Centuries before Christ was born, Obadiah prophesied that Edom would be completely defeated and displaced (Obadiah 1:2-9), Micah foretold that Judah would go into captivity to Babylon (Micah 4:10), and Nahum forecast that Nineveh would be buried (Nahum 1:14). All these were fulfilled even before Christ came. Many such predictions made in the prophetic books of the Bible have already been fulfilled. How do they relate to or inform us as Christians? Are they just history lessons?
2 Timothy 3:16-17 informs us that all Scripture — including fulfilled prophecy — is profitable and instructive for us and prepares us to serve the Lord. So, besides teaching history, what are we to gain spiritually from these prophecies?
2 Timothy tells us that all Scripture — including fulfilled prophecy — is profitable and instructive for us and prepares us to serve the Lord
There are different types of prophecies, such as judgment speeches, salvation oracles, salvation announcements, and calls to repentance. Most of the ones already fulfilled are judgment speeches. The general form of a judgment speech is “Accusation and Announcement”. The Accusation describes what the people did wrong (their sin) and typically has two parts: a statement of what God did for the people and a description of how the people responded sinfully (Amos 2:10-12). The Announcement shows what will happen to them because they sinned.
When we read the Accusation, we can see what God values, what He expects from us, and what He considers sinful. Sins fall into two general categories, the same ones we see in the Ten Commandments: wrong thinking and behaviour in our relation to God, and wrong thinking about and mistreatment of people.
In the Accusations, we observe the same recurring sins, such as following things that take the place of God in our lives (Habakkuk 2:18-19), worshipping God out of ritual rather than relationship (Isaiah 1:11-15), oppressing the vulnerable (Amos 2:6-8), carrying out violence (Micah 2:1-2), stealing (Isaiah 1:23), engaging in adultery (Jeremiah 5:8), rejoicing at someone else’s trouble (Obadiah 12), cheating in business or the marketplace (Micah 6:10-11), or acting unjustly in the legal system (Amos 5:12).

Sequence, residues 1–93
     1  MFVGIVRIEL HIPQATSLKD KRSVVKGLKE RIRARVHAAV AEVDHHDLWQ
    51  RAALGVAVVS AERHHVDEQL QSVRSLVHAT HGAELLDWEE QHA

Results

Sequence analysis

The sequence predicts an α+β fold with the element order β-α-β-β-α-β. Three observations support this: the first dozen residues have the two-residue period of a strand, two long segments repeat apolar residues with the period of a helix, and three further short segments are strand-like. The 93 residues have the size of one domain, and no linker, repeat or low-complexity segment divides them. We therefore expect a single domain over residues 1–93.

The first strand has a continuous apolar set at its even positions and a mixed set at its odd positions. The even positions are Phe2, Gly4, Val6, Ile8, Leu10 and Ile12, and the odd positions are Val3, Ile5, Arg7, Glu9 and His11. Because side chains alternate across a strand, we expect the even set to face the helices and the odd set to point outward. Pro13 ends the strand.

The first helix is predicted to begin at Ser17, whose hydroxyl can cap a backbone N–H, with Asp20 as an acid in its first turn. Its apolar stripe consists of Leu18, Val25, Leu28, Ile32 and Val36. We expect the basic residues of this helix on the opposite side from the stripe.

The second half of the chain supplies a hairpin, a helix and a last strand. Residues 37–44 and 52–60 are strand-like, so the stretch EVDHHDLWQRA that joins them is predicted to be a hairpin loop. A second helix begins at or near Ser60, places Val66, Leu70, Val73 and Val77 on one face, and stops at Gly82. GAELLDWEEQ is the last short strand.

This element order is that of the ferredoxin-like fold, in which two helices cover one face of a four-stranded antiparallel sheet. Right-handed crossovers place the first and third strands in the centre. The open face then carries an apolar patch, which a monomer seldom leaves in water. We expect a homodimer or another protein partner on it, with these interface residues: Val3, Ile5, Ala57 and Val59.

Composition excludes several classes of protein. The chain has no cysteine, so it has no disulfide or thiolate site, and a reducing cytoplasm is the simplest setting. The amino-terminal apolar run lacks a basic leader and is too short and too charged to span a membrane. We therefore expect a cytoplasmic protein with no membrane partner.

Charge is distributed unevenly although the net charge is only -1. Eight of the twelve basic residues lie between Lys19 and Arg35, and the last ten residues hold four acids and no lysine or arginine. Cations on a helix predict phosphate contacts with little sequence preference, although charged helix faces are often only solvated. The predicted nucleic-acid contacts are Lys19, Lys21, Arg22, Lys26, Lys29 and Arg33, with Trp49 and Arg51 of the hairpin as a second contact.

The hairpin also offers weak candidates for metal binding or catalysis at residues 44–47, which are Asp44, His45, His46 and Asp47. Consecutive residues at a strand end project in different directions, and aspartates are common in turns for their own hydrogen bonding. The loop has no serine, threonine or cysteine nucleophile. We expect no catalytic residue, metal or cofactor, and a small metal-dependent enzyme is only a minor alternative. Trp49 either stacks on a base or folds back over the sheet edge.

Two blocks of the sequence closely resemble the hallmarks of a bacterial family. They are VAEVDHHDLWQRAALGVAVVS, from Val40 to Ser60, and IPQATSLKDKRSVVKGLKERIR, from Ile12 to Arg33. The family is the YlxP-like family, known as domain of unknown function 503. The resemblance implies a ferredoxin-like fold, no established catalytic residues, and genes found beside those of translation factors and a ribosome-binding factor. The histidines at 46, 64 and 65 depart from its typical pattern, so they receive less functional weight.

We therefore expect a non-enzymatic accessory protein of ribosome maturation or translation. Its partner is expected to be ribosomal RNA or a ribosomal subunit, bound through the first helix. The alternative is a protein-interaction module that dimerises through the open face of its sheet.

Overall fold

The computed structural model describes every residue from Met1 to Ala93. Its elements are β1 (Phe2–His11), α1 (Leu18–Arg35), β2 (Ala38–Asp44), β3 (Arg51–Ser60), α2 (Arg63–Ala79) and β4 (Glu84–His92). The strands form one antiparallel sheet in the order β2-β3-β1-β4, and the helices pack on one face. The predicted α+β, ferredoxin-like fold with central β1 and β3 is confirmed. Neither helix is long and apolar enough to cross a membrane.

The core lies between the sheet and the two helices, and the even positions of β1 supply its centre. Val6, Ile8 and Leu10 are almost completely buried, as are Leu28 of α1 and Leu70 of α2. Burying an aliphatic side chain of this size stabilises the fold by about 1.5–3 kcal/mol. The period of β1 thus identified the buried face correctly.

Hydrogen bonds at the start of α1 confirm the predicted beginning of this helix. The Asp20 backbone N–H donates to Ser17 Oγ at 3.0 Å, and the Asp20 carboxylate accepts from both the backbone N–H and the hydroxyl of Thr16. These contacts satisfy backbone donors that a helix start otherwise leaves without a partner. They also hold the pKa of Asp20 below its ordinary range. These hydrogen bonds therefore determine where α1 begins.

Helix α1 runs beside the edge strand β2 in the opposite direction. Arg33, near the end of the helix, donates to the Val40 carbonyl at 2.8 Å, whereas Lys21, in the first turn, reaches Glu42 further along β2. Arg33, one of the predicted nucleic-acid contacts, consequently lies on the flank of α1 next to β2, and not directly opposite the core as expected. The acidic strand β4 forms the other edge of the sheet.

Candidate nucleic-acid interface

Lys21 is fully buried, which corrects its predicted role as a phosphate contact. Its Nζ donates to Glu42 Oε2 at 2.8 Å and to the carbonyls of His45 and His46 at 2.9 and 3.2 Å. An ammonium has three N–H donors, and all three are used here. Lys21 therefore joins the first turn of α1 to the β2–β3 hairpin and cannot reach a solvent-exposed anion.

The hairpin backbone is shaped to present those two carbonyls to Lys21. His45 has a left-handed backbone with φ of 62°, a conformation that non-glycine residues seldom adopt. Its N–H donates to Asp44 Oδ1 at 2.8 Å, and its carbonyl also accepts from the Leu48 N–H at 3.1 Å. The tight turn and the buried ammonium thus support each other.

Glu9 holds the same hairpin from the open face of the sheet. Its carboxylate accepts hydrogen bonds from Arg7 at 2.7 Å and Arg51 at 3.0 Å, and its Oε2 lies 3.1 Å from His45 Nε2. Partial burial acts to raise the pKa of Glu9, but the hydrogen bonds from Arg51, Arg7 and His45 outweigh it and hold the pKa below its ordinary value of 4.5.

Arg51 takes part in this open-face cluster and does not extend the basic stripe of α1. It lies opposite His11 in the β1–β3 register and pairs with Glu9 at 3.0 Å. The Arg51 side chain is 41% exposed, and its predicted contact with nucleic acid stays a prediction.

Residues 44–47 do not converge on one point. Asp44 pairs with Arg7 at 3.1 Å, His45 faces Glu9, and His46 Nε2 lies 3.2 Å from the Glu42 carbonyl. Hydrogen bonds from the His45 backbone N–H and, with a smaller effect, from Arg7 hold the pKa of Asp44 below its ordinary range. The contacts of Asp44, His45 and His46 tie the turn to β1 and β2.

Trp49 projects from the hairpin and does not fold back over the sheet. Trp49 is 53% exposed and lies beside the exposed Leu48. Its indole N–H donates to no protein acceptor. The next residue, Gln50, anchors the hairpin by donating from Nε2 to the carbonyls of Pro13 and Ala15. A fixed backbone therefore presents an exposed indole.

The same sins are mentioned in Moses’ law, Psalms and Proverbs. The prophets were not inventing new or unique standards, but principles that God had always upheld.
The prophets were not inventing new or unique standards, but principles that God had always upheld
When we read the Announcements, on the other hand, we see God’s responses to sin, which are consistent basic principles (though specifics may vary). These responses teach us about Him. We learn that wealth and other forms of security will not prevent Him from punishing people and nations (Isaiah 10:3; Zephaniah 1:18).
Further, we learn that no power is strong enough to effectively resist Him (Amos 2:14-16). We also glean that He is angry with those who treat others unfairly (Isaiah 10:1-4) and allows human adversaries to defeat such oppressors (Habakkuk 1:5-11) and to plunder what they unjustly took or achieved (Zephaniah 1:13). God will also cause illness (Ezekiel 5:12), allow injurious conflict (Isaiah 9:21; Zechariah 11:9), or send drought and famine (Amos 4:6-8).
We should be cautious about saying that all hardships in our world are acts of judgment for particular people. We also know that such troubles sometimes come upon people for doing what is right, as in the case of Job (Job 1:13-19), Jacob (Genesis 31:36-41), David (Psalm 3:1-2; 18:4-5), and Jeremiah (Jeremiah 37:11-21). Persecution can also result from following Christ’s ways (Matthew 5:11).
If the suffering person did not sin, then their hardship is not an act of judgment. While we should always examine ourselves amidst hardship, God may not reveal a sinful cause for that hardship to us. Still, when people live in sin, they can anticipate what will happen to them based on the Announcements.
While we should always examine ourselves amidst hardship, God may not reveal a sinful cause for that hardship to us
Some Accusations and Announcements relate specifically to Israel under the Mosaic Covenant made at Mount Sinai (e.g. Isaiah 58:13; Jeremiah 17:27), but others have a broader audience. Obadiah’s prophecy about Edom was fulfilled, but in Obadiah 15, the Lord warned that this kind of judgment for evildoers would happen to all nations. Micah’s prophecy of Judah being uprooted from their land can be applied to other nations (Zephaniah 2:13-15). Micah also said that Judah would return and that other nations — though not all nations, as Malachi 1:4 clarifies — might as well (Zephaniah 3:8-9). Nahum’s prophecy of Nineveh’s doom applies to many nations (Isaiah 13-23; Jeremiah 46-51; Ezekiel 25-32).
As Christians, there is much that we can continue to learn about God through fulfilled prophecies.
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